Bloodline, by Kate Cary


Kate Cary’s premise is straightforward. This is a sequel to Dracula, picking up the narrative a couple of decades after the events described in Bram Stoker‘s novel.  Bloodline carries on the original’s format of having the story narrated through the journals and letters of the various characters, giving us multiple perspectives.

The early scenes are set in 1916 during the Battle of the Somme, though that must be happening on a different part of the front and is never mentioned.  As we know from Stoker, Mina and Jonathan Harker had a child called Qunicy, and he is now a captain in the trenches.  His new communications officer is Lieutenant John Shaw, who has a rather insipid sister called Lily.  So you know in half a dozen pages which damsel will be in distress this time.

By page 25 you may be rolling your eyes in disbelief at the cavalier way history is treated.  A German newspaper would not be carrying graphic articles about some strange force tearing German soldiers apart on the front line, especially if it were available to German soldiers on the front line.  Lieutenant Shaw appreciates it would be bad for morale, so would German military censors.  Soldiers standing on the fire step peering at the enemy trenches opposite?  Has Cary never seen All Quiet on the Western Front?  It would be the quickest way to get a bullet in the head.  No one expects a vampire story to be realistic, but at least the setting could be plausible.

However, the action soon leaves this sub-Birdsong­ world and moves to Purfleet.  A traumatised Shaw is shipped home and is nursed by Mary Seward.  She recognises him because he happens to live next door at Carfax Hall, his family home, where the languid Lily, prone to sleepwalking, also resides.  Naturally it is not long before Quincy turns up, suddenly not needed at the front, and moves into Carfax Hall.

There is a saggy middle section where the various loves are declared, then it’s John and Mary chasing Harker and Lily to Romania, though someone in 1916 would have been more likely to call it Roumania.  The journey seems to be surprisingly easy given it’s the middle of the war and the Ottoman Empire, controlling the entrance to the Black Sea, was one of the Central Powers.  Fortunately neither ship is bothered by U-boats on the way.

They all land at Varna, and unfortunately Bulgaria was also on the side of the Central Powers, so the authorities might have been interested to know what English travellers were doing there, especially as Harker has thoughtlessly brought his British army uniform with him.  Getting into Romania from Bulgaria would have been a problem in the real world as well, as Romania was on the side of the Allies. Our cast had entered a war zone, which would have made travel somewhat problematic.  Never mind, this is a parallel 1916 in which such trifles do not matter, and flashing gold coins overcomes all obstacles.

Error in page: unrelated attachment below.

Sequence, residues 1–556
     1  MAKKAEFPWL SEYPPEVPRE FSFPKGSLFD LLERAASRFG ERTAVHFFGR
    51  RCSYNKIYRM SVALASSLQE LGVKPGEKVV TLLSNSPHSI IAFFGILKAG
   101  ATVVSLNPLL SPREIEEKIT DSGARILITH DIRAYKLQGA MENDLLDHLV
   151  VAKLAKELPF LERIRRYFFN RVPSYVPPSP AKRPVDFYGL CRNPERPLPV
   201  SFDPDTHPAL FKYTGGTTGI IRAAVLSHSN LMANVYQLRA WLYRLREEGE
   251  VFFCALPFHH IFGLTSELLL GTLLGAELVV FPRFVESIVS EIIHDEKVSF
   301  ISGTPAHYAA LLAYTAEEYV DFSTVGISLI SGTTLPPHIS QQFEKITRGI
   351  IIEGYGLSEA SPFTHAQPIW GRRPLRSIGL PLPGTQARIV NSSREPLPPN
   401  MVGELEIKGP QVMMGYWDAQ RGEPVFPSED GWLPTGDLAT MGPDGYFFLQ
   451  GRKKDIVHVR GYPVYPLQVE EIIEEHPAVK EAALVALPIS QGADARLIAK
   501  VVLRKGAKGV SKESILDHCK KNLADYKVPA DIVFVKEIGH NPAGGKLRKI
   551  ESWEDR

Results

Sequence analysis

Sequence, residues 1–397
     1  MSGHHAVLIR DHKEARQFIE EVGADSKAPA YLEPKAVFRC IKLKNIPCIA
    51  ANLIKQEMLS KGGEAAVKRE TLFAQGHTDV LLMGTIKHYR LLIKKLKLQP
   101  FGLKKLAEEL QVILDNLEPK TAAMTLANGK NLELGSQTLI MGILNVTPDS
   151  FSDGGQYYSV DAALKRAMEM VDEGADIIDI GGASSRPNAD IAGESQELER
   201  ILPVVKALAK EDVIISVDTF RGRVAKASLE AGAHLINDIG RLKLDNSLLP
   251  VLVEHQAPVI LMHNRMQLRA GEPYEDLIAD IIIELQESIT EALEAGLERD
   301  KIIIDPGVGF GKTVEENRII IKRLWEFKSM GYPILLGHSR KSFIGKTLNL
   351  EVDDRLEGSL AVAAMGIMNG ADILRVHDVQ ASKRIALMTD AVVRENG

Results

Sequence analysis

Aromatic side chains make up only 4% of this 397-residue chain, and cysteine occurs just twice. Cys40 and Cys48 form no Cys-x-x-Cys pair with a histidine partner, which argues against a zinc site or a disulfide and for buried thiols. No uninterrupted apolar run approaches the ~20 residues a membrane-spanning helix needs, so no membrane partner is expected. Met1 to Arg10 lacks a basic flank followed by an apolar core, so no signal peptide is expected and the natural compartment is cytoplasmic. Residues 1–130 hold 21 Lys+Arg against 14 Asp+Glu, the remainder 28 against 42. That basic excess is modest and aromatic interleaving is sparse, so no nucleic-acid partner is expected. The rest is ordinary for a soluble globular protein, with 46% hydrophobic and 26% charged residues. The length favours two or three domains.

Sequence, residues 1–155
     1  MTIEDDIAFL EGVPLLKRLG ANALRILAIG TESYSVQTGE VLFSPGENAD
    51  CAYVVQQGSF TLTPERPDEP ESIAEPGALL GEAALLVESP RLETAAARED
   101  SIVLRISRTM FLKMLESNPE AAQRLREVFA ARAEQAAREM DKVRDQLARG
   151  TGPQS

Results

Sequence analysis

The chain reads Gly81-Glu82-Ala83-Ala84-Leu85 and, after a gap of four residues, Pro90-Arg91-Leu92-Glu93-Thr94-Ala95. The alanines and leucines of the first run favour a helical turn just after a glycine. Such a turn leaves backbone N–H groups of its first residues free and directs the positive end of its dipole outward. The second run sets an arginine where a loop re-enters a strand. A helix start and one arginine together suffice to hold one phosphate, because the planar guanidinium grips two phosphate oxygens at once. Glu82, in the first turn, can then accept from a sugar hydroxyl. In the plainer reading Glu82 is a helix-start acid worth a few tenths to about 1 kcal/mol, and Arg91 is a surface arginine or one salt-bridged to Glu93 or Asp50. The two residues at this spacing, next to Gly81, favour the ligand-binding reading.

Cary would have done better to have disengaged this from Dracula with a new set of characters, and written an original story.  The expectations aroused by casting it as a sequel to such a fine book sink it, because it does not stand comparison.  And whoever at Egmont Press billed it on the cover as “A sequel to the original vampire novel, Bram Stoker’s Dracula” deserves to be staked.  Original vampire novel? Pshaw.

I fear I was in the wrong demographic for this novel, and had I been a teenage girl raised on a diet of Twilight I expect I would have lapped it up.  Bloodline improves towards the end and generates some tension, though the conclusion is rushed, but the first part in France and the journey to Romania are poorly constructed.  If you are going to employ a historical setting, it makes sense to try to get the history right, and teach the reader something about it.  Or why not get the kids reading Stoker and something by Pat Barker, not this ersatz version of both history and literature.


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